05 July 2018
A haven of hope
Shocked to learn about the rates of domestic violence in her own backyard, Sharon Levy of Bartier Perry is doing what she believes lawyers do best and helping people when they need it most, writes DIANE NAZAROFF.
It was a business lunch that changed Sharon Levy’s life and inspired the corporate building and construction lawyer to set up a women’s refuge. The guest speaker was the then mayor of the Hills Shire Council, Yvonne Keane, who was also the chairwoman of The Sanctuary – The Hills Women’s Shelter. The topic was domestic violence.
“She was telling stories which spoke about the way in which domestic violence did not discriminate,” the Bartier Perry senior associate says.
Levy was stunned to learn that one in two women who sought crisis accommodation were turned away.
“And the fact that one woman a week in Australia is killed by a current or former partner.”
The statistics “just blew” Levy’s mind.
“It haunted me to think, ‘When they are turned away, where do they go?’
“Do they stay with their partner? Or do they live on the streets? Or do they live in cars with their children? It really affected me.”
After some sleepless nights, Levy set about trying to fix the problem.
“I found out that Penrith actually had the second highest reported rate of domestic violence in the metropolitan area,” the mother of three says.
“I was shocked. I couldn’t believe it – and worse still that it had been underneath my nose all of that time and I had just been unaware, I guess, living and working in a cushy office.”
Levy inspected The Sanctuary and met with Annabelle Daniel, the chief executive officer of Women’s Community Shelters, the charity that ran the shelter. After forming a board, she incorporated The Haven – Nepean Women’s Shelter last July.
Then came the challenges, the first of which was finding a suitable rental property in Penrith. This was not an easy task, as it needed to have six bedrooms, two kitchens and three bathrooms.
But the challenge wasn’t limited to identifying appropriate properties, as not everyone was willing to lease to a refuge. “That was difficult,” she says, citing two knockbacks.
Then she had to get development consent, which meant notifying neighbours. Again, she found that some people were unwilling to have a refuge next door due to the “stigma attached to it”.
“The concerns weren’t warranted. There are no drugs or alcohol on premises – it’s a completely dry house,” Levy says.
When it was time to get the refuge ready, however, local schools, businesses and volunteers all pitched in. A local security firm donated and installed CCTV, a painting firm rejuvenated the entire property, Bunnings built a vegetable patch and fixed up the backyard, and businesses donated items such as bedding and whitegoods.
“We’ve also had local schools donating appliances, toasters and that kind of thing, and running cupcake stalls to raise awareness but also to raise money for us,” Levy says.
The Haven costs $500,000 a year to operate and while half of the money comes from Women’s Community Shelters, which is partly subsidised by the state government, the balance comes from community fundraising and philanthropy.
Levy has no doubt the community will keep funding it, giving the example of local rugby club Penrith Panthers, which has promised $35,000 a year for the next three years.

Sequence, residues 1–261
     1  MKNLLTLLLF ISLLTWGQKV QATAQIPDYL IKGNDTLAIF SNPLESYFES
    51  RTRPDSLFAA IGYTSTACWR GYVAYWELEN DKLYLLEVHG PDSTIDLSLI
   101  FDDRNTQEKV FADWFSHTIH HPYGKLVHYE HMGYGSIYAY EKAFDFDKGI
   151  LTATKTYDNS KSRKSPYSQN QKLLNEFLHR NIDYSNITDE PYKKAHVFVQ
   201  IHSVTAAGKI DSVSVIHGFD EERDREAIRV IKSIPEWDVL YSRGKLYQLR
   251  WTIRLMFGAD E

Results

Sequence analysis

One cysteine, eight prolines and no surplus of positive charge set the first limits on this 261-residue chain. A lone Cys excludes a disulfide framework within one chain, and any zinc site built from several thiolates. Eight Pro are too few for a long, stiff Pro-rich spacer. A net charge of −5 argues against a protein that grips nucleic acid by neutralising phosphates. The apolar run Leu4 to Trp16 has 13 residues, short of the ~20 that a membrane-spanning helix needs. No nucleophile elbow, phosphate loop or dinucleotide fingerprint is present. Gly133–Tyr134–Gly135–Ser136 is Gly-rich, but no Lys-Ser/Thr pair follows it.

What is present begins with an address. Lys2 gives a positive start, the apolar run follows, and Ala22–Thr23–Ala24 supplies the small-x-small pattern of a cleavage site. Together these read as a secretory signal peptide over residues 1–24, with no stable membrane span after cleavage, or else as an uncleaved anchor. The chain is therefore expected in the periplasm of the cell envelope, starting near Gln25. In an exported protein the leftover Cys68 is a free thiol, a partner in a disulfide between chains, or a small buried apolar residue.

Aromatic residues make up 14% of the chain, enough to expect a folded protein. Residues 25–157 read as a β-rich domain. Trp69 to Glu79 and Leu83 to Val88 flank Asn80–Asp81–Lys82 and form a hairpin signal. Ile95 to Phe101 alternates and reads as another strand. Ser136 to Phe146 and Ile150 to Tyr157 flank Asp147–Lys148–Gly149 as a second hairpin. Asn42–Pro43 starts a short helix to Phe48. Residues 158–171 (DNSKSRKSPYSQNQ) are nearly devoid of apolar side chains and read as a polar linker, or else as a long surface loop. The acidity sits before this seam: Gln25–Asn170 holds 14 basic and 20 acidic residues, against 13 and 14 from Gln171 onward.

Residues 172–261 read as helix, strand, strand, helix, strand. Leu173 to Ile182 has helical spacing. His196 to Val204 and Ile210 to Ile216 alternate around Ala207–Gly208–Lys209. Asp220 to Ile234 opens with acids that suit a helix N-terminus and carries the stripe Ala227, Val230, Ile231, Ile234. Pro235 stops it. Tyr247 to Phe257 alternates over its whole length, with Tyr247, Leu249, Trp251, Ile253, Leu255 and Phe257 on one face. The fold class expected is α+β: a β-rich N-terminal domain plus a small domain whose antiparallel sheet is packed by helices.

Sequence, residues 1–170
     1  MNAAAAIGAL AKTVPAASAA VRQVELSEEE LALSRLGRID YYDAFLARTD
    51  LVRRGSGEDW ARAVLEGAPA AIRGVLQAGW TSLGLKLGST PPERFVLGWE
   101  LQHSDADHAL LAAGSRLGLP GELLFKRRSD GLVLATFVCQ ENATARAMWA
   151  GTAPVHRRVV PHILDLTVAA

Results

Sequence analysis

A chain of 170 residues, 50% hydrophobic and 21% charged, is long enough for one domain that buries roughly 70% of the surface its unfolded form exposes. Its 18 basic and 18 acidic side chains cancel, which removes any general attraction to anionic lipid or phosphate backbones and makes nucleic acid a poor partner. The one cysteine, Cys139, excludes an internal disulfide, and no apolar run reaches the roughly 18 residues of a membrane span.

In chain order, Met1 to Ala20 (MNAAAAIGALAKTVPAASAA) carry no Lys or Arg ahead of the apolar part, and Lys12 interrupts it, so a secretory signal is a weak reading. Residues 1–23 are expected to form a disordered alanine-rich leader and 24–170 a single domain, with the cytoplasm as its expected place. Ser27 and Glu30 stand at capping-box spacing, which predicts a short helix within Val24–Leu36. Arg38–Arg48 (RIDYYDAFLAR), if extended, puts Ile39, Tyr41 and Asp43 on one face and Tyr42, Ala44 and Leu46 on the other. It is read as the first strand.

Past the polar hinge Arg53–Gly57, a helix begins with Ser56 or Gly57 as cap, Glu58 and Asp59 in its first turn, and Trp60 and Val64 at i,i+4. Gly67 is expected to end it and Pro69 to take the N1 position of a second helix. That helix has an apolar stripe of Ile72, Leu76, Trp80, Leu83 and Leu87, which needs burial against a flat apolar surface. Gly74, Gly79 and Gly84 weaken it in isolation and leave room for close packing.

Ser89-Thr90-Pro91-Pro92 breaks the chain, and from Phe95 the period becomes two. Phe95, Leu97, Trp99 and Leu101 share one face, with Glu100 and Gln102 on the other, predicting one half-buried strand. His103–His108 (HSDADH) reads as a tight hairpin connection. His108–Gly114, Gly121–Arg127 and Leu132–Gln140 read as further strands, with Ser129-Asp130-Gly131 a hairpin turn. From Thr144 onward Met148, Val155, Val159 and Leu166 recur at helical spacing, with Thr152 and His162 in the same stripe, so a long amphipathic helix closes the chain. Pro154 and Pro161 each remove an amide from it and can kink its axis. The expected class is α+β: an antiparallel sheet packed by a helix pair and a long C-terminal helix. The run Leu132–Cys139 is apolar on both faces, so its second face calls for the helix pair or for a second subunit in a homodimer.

“So that’s our rent covered for the next three years – that’s already a big step up,” she says.
“And we are looking at other club grants, and local businesses and other entities that are willing to support us.”
The Haven opened on 16 April this year, and Levy says it was full within two weeks.
“It saddens me to think that there was such a need for us,” she says.
“But I was comforted to know that these women have now escaped a life of fear.”
Each year, the refuge will provide close to 7,000 nights of refuge for those fleeing domestic violence.
“When you walk in, you can hear kids playing and babies laughing and just being kids, and mums being able to play with these children,” she says.
“Many of these children are so young that they actually won’t know a life of violence; they will never remember the fear.
“That brought me to tears instantly, knowing we had played a hand in changing these people’s lives.”
On Mother’s Day, a local school purchased Westfield gift cards so the children at the refuge could give one to their mums.
“Some of these women have not been able to buy new clothes or new bras for 10 years and now they have the financial freedom to do that,” Levy says.
Her aim for The Haven is a 100 per cent strike rate, with no one returning to a life of violence.
“The women get to stay with us for three months – some stay more, some stay less – before they transition out into housing,” she says.
“In that time, we provide enough support to enable them to stand on their own feet and transition into a life free of violence.”
Levy fits her role at the refuge around her day job at Bartier Perry, which she says has been “wonderful” in offering support and flexible work arrangements.
The firm’s employees have also embraced her refuge work by cooking and collecting meals for the refuge, and donating clothes and beds.
For the lawyer of 17 years, the extracurricular job has been a rewarding challenge that “was totally unintentional and unexpected”.
“I think it all comes down to that inherent [nature we have] as lawyers, that we try to do for people what they can’t necessarily do for themselves.”